The Infamous $54 Traffic Ticket

Natasha Dubé
July 8, 2008

Gilles Caron, the Francophone truck driver who has [been] pleading his cause in Alberta courts since 2006, received a favourable ruling from Provincial Court Judge Leo Wenden recently. In 2003, Caron received a $54 traffic ticket for making an unsafe left turn. He proceeded to ask for a French hearing, but was denied under the Languages Act [1] that revoked these rights in Alberta.[2]Judge Wenden found the law unconstitutional, and Caron was cleared of the traffic offence. According to defence lawyer Rupert Beaudais, “the case was never about a minor traffic offence. This case was about challenging the constitutional validity of Alberta’s language laws, which abolished all French language rights.” [3]Lise Routhier Boudreau, the President of the Fédération des communautés francophones et acadienne du Canada, believes that the Caron decision is a step in the right direction for minority language rights in the country, adding to the recent victories of Justin Bell in Saskatchewan and Marie-Claire Paulin of New Brunswick against the RCMP.[4]

Edmund Aunger, a University of Alberta political science professor, was a key witness in the trial. He paid particular attention to new records showing that, in 1870, Rupert’s Land as the western region was then known, only agreed to join the confederation if protection of French language rights was guaranteed.[5]Relations between the province of Alberta and its French-speaking citizens have historically been complicated, leading former premier Don Getty to famously announce that “Albertans believed in bilingualism by choice, not by law.” [6]

Crown Prosecutor Teresa Haykowsky won a three-month stay, which gives the government the option of either appealing the case, or taking action. It is possible that if Caron is successful in higher levels of court, including the Supreme Court of Canada, Alberta could be forced to translate all the laws of the province into French, and make every service available in both official languages.[7] Many language rights advocates in the province are asking that serious consideration be given to renegotiating the Act, including Léo Piquette, the former MLA who is most remembered for the event in 1987 where he was told to stop speaking French in the legislature by the Speaker. [8] Greg Clarke, the Executive Director of the Centre for Constitutional Studies, sums up the decision that the government of Alberta is now faced with: “if the government chooses to appeal the case it will be years before we have a clear decision about what this means. If the government accepts the decision and decides to do what they have to do, presumably that means: start translating.” [9]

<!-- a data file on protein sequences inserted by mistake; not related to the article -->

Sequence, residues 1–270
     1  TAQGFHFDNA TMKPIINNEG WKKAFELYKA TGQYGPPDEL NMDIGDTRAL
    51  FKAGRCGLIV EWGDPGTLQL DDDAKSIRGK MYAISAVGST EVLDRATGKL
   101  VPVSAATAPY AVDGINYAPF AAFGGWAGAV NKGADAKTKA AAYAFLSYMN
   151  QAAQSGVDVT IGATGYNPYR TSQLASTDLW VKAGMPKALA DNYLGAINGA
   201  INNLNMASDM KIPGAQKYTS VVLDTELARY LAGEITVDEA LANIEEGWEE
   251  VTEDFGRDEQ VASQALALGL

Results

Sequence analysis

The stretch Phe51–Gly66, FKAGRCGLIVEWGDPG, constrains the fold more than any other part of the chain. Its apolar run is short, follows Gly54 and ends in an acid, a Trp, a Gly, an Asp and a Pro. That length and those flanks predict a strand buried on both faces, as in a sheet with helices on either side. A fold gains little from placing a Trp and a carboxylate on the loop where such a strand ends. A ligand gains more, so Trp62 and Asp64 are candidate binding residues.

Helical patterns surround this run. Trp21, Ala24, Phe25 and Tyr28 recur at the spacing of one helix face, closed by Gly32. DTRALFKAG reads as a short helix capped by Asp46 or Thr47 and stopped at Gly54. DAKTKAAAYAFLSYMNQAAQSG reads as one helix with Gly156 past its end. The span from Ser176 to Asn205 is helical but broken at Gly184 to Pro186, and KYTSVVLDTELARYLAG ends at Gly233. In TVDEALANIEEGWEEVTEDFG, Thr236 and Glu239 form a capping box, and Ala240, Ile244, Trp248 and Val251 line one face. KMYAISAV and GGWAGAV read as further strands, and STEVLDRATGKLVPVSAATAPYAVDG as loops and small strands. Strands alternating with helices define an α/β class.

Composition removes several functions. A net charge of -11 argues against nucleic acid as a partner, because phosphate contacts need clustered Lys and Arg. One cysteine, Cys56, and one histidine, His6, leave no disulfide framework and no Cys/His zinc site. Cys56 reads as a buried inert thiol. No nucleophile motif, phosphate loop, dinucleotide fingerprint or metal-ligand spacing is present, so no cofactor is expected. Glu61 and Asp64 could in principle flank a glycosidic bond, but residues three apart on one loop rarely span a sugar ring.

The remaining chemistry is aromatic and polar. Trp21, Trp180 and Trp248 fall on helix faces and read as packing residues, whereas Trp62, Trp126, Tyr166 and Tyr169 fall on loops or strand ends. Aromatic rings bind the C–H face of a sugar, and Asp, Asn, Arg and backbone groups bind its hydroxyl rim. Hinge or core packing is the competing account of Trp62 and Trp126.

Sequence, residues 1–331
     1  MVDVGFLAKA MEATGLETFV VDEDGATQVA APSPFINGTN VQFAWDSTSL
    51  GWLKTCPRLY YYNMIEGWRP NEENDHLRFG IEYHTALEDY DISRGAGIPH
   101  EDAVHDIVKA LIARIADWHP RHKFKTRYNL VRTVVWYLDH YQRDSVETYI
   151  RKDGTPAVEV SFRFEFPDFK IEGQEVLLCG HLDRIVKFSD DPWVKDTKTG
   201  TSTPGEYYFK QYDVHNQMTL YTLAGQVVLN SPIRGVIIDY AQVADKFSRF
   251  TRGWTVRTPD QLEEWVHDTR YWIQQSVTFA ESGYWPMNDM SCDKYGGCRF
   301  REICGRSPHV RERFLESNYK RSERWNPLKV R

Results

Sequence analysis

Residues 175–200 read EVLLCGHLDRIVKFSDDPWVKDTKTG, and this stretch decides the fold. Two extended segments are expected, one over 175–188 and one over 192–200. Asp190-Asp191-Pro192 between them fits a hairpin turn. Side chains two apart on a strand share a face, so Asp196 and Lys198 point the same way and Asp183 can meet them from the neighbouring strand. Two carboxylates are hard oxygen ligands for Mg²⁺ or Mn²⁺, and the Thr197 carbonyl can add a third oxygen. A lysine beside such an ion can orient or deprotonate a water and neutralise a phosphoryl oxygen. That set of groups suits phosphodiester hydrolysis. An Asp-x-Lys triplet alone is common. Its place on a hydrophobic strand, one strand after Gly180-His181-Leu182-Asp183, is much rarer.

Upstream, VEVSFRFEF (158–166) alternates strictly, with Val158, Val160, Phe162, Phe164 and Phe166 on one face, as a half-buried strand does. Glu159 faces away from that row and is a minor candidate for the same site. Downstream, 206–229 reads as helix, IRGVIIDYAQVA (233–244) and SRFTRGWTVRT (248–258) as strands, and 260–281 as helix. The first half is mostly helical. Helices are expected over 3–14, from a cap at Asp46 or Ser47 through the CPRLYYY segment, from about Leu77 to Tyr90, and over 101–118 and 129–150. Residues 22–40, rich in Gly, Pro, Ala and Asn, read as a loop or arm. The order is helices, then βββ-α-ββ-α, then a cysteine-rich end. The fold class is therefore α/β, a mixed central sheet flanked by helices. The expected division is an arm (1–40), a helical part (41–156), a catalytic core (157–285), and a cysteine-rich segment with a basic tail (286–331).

Of note this may have been the longest trial in Alberta Court history.

[1] Languages Act, R.S.A. 2000, c. L-6 [Act].
[2] Karen Kleiss, Edmonton Case Tests Language Law, Edmonton Journal, 3 July 2008.
[3] Ibid.
[4] Radio-Canada, “Décision saluée par la FCFA” (3 July 2008).
[5] Karen Kleiss, English-Only Laws Violate Historical Commitments, Expert Says, Edmonton Journal, 3 July 2008.
[6] Supra note 2.
[7] Ibid.
[8] Karen Kleiss, Ruling Reopens Language Act Debate, Edmonton Journal, 4 July 2008.
[9] Ibid.
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University of Alberta
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